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Collecting Browsing Information With sbtags

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The sbtags command provides a quick and convenient method for collecting browsing information from source files, enabling you to collect minimal browsing information for programs that do not compile completely.

The information contained in this chapter pertains mainly to the use of the command line to complete tasks also available from within WorkShop. For more conceptual information on using source browsing, see the online help.

This chapter is organized into the following sections:

Basic Concepts

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Basic Concepts

The sbtags command collects a subset of the information available through compilation. The reduced information restricts some browsing functionality. A database generated by sbtags enables you to perform queries on functions and variables and to display the function call graph.

The follow restrictions on sbtags currently exist:

Once a file has been changed, it often need not be scanned again to incorporate changes into the database.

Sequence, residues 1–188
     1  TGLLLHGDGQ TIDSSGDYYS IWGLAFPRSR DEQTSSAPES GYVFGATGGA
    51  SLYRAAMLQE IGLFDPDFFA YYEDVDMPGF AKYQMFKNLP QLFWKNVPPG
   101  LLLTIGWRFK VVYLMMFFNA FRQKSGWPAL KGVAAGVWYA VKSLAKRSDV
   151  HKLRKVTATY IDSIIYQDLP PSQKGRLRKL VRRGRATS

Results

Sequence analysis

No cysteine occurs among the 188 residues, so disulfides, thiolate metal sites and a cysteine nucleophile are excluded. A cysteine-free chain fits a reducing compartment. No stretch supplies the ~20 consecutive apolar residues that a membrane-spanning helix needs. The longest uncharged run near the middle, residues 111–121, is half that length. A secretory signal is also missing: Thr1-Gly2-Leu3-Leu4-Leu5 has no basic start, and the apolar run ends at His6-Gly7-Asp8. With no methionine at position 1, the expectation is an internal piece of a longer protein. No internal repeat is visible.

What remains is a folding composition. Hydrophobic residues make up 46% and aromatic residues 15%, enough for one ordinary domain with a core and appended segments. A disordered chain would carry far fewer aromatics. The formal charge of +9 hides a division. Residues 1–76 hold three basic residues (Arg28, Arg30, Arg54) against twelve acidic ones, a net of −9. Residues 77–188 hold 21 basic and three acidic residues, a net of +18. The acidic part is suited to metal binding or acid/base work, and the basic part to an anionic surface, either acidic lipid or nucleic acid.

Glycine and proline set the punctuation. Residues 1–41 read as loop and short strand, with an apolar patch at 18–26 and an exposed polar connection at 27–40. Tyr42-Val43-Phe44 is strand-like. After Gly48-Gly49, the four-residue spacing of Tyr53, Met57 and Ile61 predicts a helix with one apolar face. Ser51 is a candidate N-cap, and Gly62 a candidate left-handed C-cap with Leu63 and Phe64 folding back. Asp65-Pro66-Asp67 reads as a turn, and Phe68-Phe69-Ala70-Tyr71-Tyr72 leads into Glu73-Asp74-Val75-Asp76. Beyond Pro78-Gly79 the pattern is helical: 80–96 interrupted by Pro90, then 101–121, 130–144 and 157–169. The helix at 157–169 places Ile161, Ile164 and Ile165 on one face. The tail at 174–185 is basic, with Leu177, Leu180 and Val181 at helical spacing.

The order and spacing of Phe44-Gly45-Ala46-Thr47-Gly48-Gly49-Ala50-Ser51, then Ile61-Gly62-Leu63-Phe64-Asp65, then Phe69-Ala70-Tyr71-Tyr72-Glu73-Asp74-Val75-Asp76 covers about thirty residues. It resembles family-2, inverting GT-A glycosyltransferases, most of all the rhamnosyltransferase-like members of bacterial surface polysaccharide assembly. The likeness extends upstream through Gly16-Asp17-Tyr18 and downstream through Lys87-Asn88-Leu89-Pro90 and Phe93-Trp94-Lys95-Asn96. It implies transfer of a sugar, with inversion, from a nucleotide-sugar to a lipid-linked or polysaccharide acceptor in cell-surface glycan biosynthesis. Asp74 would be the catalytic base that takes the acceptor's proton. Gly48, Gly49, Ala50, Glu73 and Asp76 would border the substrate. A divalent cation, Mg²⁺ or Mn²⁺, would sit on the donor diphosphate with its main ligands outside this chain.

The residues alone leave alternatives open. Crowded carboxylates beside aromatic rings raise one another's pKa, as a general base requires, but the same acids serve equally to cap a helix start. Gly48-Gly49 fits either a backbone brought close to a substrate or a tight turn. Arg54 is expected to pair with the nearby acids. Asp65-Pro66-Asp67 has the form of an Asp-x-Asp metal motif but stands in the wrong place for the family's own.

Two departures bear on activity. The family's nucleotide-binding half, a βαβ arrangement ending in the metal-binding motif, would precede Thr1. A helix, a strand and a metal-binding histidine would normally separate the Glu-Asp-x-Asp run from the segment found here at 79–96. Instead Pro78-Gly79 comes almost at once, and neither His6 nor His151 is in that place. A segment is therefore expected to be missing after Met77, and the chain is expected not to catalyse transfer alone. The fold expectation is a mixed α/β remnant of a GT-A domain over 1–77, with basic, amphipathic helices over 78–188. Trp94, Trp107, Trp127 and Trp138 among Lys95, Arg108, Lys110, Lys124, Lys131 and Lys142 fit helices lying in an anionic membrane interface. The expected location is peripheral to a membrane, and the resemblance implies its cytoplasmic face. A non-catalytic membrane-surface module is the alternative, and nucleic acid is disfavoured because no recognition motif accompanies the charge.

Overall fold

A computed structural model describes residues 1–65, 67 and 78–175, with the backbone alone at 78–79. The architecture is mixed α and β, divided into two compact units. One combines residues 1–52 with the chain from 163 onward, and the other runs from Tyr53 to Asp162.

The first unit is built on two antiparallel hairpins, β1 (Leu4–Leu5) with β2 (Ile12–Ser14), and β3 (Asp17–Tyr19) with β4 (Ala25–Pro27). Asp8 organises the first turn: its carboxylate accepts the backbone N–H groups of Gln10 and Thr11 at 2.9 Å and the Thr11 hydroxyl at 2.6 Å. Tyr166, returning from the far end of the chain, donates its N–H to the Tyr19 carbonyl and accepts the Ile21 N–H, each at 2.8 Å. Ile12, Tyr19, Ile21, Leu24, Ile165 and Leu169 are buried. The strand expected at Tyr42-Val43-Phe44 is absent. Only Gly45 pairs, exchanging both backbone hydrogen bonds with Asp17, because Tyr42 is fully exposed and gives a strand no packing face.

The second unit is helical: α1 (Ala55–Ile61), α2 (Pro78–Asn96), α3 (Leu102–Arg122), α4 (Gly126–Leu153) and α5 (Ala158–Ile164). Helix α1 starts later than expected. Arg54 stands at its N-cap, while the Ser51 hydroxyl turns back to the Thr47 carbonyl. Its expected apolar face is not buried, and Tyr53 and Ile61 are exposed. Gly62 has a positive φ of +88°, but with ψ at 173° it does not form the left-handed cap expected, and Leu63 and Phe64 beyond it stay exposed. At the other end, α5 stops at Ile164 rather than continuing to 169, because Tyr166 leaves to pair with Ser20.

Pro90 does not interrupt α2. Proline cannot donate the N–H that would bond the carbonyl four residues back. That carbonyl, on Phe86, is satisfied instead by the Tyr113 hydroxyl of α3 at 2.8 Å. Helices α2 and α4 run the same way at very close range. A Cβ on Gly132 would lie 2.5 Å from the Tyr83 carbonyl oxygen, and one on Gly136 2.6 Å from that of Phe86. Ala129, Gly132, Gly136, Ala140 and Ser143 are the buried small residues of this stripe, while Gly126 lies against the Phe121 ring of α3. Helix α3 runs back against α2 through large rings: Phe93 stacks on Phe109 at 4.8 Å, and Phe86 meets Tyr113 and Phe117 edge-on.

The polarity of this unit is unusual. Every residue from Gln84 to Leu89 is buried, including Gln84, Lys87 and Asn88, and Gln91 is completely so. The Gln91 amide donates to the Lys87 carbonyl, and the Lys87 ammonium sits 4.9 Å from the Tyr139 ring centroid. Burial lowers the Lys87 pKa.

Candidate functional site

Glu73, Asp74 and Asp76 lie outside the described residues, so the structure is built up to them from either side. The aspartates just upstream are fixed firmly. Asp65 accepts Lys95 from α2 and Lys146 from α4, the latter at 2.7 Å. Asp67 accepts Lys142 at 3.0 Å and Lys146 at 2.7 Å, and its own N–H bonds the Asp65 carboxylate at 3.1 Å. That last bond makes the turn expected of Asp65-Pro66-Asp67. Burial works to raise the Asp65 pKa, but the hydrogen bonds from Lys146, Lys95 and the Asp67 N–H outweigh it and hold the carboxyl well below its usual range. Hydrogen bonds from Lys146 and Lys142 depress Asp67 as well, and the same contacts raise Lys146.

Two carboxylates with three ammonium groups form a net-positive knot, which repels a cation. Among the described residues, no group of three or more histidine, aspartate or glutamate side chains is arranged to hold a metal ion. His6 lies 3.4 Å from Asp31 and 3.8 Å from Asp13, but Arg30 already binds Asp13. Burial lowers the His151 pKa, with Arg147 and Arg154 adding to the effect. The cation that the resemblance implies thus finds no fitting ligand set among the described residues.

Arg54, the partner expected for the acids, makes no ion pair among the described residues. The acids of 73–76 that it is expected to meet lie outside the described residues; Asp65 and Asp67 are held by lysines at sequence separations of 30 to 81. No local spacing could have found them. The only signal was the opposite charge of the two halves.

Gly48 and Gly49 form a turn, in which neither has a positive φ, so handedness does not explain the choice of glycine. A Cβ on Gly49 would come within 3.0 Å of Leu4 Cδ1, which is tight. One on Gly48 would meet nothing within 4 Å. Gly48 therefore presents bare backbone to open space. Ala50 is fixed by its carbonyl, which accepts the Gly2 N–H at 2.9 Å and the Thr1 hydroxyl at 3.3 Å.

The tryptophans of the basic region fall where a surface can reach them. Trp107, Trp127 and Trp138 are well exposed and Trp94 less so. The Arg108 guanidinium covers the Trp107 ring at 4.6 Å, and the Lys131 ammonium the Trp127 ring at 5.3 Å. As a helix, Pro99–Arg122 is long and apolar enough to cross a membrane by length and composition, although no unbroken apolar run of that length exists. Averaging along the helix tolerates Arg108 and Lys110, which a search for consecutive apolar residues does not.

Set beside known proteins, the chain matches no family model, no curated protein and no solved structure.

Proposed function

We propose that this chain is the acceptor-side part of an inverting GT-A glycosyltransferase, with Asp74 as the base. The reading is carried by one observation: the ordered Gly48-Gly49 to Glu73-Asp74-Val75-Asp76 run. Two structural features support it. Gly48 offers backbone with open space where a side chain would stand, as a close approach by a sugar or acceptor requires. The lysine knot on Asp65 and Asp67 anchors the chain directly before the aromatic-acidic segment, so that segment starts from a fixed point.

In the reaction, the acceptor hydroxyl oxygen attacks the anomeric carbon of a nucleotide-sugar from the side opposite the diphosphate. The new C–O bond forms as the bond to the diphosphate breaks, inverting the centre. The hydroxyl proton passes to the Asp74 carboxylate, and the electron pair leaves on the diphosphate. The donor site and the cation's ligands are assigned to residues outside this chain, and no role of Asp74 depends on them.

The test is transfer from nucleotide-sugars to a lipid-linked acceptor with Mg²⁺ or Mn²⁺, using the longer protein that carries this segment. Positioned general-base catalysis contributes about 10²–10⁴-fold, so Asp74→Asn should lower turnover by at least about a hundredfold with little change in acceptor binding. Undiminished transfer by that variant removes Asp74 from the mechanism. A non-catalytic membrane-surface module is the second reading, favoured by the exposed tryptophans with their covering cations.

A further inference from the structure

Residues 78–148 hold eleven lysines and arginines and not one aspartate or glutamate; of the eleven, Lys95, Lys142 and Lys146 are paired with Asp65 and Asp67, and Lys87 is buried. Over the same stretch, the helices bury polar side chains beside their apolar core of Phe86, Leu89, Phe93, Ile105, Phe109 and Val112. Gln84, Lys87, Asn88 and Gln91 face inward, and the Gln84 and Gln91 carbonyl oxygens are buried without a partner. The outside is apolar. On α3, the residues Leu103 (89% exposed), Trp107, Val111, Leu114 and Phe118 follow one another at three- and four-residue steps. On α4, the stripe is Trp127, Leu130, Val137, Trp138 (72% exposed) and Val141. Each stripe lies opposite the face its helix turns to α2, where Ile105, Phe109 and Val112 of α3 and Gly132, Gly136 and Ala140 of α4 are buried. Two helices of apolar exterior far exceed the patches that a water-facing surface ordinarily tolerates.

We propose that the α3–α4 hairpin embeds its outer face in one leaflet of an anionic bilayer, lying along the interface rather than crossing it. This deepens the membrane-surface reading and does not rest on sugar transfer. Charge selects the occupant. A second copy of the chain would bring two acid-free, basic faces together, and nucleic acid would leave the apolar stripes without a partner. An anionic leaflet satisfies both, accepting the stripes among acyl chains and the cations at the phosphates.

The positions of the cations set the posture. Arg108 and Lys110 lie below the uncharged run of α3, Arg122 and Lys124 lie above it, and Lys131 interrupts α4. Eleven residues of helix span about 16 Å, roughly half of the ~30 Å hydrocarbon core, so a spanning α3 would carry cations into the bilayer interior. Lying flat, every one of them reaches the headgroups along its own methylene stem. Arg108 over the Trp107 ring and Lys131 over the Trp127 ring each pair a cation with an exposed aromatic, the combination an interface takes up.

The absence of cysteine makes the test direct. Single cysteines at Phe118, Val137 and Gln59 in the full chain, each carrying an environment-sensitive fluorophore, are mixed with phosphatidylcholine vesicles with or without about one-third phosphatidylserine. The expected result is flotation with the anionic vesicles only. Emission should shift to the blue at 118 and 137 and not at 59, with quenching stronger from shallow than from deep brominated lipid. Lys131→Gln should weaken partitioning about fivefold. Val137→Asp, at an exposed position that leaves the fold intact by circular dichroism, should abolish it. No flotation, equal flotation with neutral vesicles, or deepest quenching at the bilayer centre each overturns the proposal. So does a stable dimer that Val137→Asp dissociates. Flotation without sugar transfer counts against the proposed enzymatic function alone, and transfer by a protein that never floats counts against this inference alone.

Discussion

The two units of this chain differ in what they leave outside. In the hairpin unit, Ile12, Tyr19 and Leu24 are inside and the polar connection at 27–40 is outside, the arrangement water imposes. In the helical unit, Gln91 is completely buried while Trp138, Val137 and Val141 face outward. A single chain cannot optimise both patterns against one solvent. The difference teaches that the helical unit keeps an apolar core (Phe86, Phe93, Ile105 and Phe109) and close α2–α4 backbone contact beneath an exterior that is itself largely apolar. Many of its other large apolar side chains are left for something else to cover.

An sbtags database is based on a lexical analysis of the source file. Though it does not always correctly identify all the language constructs, it will operate on files that will not compile and is faster than recompilation.

sbtags recognizes definitions for variables, types, and functions. It also collects information on function calls. No other information is collected (in particular, other semantic information for complex queries is not collected).

The functionality of sbtags is similar to ctags and etags, except for the Call Grapher information. You may mix direct queries to the database for definitions and graphing with pattern-matching queries.

With an sbtags generated database:

Generating an sbtags Database

To generate a browsing database using sbtags:

   Type sbtags, followed by the name of the file (or files) for which you want to generate the database.

sbtags file ...




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